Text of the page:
How old were you when you were adopted and how did that happen?

I was seventeen when I was adopted, after being with my family for nearly fifteen months. I knew that first night in their home that I wanted to be adopted into this family. I know it sounds cheesy, but there was just so much love.

What made you feel safe and loved in this home?

It was very intentional. My mom asked my previous caregiver what I liked to eat and what I was into, and when I came they had the cereal I liked and rice and soy milk and my mom was listening to a 90s grunge playlist, which I was obsessed with at the time. I could just tell it was safe. The other children in the home, who were all adopted through foster care, were happy and seemed to be well cared for.

It was hard to be in homes with other kids who were the biological kids of the parents in the home. In those cases I really had imposter syndrome. But in this home, we were all in the same boat. It was not uncommon for dinner conversation to involve casual references to birth families or biological parents or trauma, and while it sounds kind of morbid, it was actually really healthy.

That first night in their home, my dad asked me a lot of questions. We joke that he was interrogating me, but its not far from the truth! He had worked with foster teens in a psych hospital and was very open about his experiences with traumatized teens. Again, it could seem like it was intimidating, but it actually helped me put my guard down, because we were all getting our cards on the table and not dancing around the elephant in the room. It was also evident that his questioning came from a place of care.

So it was an easy decision to be adopted?

It was an easy decision to be adopted, but there was a complicating factor that made it really hard to go through with it…

Two weeks after I moved in, my foster mom took me shopping for new Doc Martens. (At the time, Docs were my signature look—they still are—but I had gotten them from a Goodwill and they were falling apart. So we agreed we wanted to get me a new pair.) So while we were driving to the Doc Martens store in downtown Seattle, I made a comment to her that I never wanted to leave Seattle. It was then that she told me that their family was planning to move to the East Coast in Summer of 2020, which was still over a year away. By that point, I had already started imagining my life with them, but always in Seattle. That put me in a bit of a crisis: being adopted by this family meant leaving Seattle, and I couldn’t imagine leaving everything and everyone I had ever known and living somewhere else that I had never been before.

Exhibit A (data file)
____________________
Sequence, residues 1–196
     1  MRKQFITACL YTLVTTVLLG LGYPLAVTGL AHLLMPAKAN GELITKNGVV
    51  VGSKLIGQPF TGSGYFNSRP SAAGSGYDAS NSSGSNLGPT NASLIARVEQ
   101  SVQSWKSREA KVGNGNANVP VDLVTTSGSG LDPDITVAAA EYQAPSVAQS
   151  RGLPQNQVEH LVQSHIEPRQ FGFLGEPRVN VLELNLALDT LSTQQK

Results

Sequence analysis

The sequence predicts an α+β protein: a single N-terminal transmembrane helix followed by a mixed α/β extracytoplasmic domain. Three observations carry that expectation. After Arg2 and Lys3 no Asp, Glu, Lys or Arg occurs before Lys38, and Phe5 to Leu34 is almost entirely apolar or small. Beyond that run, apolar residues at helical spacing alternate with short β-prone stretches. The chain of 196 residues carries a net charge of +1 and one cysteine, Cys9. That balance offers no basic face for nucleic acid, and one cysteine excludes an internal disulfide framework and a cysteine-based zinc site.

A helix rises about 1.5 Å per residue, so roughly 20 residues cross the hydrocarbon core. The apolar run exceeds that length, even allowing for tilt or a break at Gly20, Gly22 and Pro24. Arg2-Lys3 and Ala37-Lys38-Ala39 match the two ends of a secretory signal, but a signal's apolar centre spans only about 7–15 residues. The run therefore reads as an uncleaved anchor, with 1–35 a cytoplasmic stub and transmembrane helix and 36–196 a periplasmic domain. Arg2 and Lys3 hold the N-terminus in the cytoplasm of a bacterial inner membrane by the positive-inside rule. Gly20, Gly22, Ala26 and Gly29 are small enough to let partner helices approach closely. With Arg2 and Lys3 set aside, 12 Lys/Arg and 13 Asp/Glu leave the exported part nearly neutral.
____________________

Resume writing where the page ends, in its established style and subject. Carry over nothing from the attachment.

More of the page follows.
So how did you finally go through with it?

Ultimately, I knew that having a family is much more valuable than a place. Also, this family lived a bit south of Seattle, and while I was still able to attend the same school, I wasn’t living in my old stomping grounds. I had to adjust to living somewhere else anyway. Also, that summer, I spent two weeks in the city they were moving to and got to see what it would be like. Ultimately, my social worker gave me a deadline—December 31, 2019—when I had to make a decision: either get adopted and move with my new family, or move to another family and, in all liklihood, age out of foster care.